The British Journal of Haematology described a case of CMML treated with 25-hydroxy vitamin D3 (25-OH D3). The 72-year-old man with a poor prognosis for remission was treated with 16,000 IU 25-OH D3 three times weekly. Within one month his blood parameters were improving and 15 months later he remained in remission. At baseline his 25-OH D3 levels were below normal (4.2 ng/mL; normal 8-82) and 1,25 dihydroxy vitamin D3 (1,25(OH)2 D3) were low normal (19.9 ng/mL; normal 18-54). During treatment 25-OH D3 levels fluctuated between 35 and 202 ng/mL, while serum levels of 1,25 (OH)2 D3 and calcium remained normal. (14)
Vitamin D is involved in regulation of cell growth and differentiation, as well as the immune response. An in vitro study examined the effects of 1,25 (OH)2 D3 on a Philadelphia chromosome-positive CML cell line, RWLeu-4. Vitamin D3 induced 24R-hydroxylase activity (a marker of vitamin D3 responsiveness in many tissues), inhibited proliferation and DNA synthesis, and caused 50 percent of the cells to differentiate into macrophage/monocyte type cells. (15)
Two articles by Sokoloski et al discuss the differentiation of leukemic cells by antioxidants and anti-inflammatory agents, including vitamin E and curcumin. Vitamin E has been found to enhance leukemic cell differentiation in the presence of low levels of 1,25 (OH)2 D3. (16) Based on this information the research examined curcumin. Alone it had no effect but when combined with vitamin D3 it significantly enhanced expression of markers of cell differentiation. Curcumin with vitamin D3 appear to exert their effects by inhibition of transcription factor NF-kappa B, an effect that as been found to enhance leukemic cell differentiation. (16,17)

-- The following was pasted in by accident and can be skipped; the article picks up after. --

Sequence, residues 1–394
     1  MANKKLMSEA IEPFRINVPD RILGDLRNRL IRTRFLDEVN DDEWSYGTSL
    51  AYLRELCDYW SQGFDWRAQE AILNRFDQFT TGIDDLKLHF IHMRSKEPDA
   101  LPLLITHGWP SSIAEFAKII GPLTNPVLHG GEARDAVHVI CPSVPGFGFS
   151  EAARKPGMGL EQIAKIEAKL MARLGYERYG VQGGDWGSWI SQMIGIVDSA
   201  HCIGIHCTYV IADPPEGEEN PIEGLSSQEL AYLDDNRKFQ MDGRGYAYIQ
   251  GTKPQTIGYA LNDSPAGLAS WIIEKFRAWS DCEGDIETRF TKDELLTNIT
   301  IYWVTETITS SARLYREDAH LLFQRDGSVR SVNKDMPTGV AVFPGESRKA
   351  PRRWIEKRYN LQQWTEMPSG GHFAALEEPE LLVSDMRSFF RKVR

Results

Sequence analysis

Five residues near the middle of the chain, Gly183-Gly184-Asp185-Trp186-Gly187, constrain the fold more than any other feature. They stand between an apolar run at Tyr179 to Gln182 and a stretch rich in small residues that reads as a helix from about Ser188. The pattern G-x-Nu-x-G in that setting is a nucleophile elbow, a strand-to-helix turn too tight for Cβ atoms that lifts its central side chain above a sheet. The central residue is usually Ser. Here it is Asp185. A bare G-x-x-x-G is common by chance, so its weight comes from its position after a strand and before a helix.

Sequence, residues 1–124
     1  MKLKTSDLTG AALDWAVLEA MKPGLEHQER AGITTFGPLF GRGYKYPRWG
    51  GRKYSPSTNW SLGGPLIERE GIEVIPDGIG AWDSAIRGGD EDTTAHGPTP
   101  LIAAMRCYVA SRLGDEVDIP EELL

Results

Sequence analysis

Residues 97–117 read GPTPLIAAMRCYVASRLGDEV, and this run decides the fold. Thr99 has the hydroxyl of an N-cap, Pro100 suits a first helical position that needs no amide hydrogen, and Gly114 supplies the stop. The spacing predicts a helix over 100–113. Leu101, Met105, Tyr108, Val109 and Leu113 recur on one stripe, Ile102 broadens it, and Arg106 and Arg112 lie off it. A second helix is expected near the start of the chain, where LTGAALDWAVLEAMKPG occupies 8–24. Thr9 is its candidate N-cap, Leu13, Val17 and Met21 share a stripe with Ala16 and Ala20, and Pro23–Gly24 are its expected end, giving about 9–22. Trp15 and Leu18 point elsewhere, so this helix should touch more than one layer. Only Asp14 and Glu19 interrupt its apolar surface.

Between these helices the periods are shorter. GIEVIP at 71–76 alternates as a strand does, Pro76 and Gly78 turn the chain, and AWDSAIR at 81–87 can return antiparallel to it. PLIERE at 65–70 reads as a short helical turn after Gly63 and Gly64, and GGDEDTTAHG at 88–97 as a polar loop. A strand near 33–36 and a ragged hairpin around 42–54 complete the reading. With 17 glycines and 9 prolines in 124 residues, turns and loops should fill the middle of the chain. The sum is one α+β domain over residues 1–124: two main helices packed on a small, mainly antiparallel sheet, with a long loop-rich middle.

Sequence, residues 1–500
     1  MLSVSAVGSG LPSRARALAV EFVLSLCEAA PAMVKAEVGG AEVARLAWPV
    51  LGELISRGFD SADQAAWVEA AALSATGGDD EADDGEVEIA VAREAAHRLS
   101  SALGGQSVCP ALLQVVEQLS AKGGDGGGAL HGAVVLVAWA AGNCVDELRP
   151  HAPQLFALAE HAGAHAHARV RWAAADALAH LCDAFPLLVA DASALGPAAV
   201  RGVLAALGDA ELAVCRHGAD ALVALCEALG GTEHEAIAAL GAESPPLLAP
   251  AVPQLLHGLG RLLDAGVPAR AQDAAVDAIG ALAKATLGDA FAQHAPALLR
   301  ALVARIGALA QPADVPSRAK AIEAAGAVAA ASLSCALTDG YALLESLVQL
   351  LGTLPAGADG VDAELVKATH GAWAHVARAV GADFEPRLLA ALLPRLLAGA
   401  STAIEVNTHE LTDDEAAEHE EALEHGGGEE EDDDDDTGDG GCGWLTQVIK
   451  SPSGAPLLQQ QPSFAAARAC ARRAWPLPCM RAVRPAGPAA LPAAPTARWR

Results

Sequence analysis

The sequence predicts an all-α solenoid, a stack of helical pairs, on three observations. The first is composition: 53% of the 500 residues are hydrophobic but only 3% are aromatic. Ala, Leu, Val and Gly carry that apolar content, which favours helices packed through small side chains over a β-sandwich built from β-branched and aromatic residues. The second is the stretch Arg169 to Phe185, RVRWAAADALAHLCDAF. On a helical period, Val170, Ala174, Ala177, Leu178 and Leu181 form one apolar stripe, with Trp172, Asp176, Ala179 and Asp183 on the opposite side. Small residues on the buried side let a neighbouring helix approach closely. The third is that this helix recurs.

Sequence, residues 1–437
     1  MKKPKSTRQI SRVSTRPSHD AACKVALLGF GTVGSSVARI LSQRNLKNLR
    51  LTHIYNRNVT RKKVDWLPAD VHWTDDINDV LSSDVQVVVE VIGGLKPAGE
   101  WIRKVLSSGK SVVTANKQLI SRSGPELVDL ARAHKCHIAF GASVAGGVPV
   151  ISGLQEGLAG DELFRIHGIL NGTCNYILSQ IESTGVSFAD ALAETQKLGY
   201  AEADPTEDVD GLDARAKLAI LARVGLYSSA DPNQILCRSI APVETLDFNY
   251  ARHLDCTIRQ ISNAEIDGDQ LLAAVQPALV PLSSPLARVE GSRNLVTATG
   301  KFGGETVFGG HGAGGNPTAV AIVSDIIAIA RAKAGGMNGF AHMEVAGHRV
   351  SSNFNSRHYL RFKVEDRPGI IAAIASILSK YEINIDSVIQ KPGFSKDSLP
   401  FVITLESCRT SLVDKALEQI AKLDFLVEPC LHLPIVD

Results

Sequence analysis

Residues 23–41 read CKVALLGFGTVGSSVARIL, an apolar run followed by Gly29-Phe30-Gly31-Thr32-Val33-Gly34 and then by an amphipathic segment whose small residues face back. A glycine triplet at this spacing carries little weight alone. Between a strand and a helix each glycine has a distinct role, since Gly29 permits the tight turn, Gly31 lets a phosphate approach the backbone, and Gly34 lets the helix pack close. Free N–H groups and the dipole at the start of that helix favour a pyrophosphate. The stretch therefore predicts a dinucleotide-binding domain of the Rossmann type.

Baseline serum vitamin E levels were measured in 25 patients with CML and 25 matched healthy controls and were found to be significantly lower in CML patients (2.67 mcg/mL). Vitamin E levels increased significantly after treatment with busulfan and hydroxyurea (3.61 mcg/mL), but remained lower than the controls (7.19 mcg/mL). The authors concluded the increase in vitamin E levels without supplementation could be due to a decrease in oxidative stress associated with a lower tumor load. (18,19)
Vitamin B12 is an essential coenzyme for DNA synthesis, although humans are incapable of synthesizing it. Vitamin B12 malabsorption may be caused by several mechanisms, including a deficiency of intrinsic factor or abnormalities in vitamin B12 binding proteins.